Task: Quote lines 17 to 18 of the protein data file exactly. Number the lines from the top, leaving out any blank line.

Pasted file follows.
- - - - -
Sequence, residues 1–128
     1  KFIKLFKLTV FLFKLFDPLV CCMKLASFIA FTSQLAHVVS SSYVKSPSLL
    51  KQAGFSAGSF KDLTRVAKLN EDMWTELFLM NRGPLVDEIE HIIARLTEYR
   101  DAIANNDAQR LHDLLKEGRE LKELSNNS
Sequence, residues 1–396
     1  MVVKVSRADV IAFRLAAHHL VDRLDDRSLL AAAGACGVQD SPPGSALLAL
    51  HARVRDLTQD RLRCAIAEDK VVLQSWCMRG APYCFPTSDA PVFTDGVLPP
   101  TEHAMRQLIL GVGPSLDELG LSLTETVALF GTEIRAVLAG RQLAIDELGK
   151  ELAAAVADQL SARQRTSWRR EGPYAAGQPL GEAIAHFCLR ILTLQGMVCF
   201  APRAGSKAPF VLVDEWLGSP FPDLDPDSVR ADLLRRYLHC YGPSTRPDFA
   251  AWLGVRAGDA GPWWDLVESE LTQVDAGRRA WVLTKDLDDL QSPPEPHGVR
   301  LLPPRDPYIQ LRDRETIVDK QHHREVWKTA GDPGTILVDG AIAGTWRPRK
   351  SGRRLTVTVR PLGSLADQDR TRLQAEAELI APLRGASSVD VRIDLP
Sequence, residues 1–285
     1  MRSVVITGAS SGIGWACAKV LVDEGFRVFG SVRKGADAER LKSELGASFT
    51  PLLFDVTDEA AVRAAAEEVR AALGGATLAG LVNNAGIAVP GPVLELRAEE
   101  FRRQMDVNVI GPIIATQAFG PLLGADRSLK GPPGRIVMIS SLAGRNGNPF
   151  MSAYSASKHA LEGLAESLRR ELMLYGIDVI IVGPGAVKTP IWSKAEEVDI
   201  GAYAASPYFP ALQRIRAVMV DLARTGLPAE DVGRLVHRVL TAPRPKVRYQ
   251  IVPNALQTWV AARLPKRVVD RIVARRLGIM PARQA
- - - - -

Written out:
   101  FRRQMDVNVI GPIIATQAFG PLLGADRSLK GPPGRIVMIS SLAGRNGNPF
   151  MSAYSASKHA LEGLAESLRR ELMLYGIDVI IVGPGAVKTP IWSKAEEVDI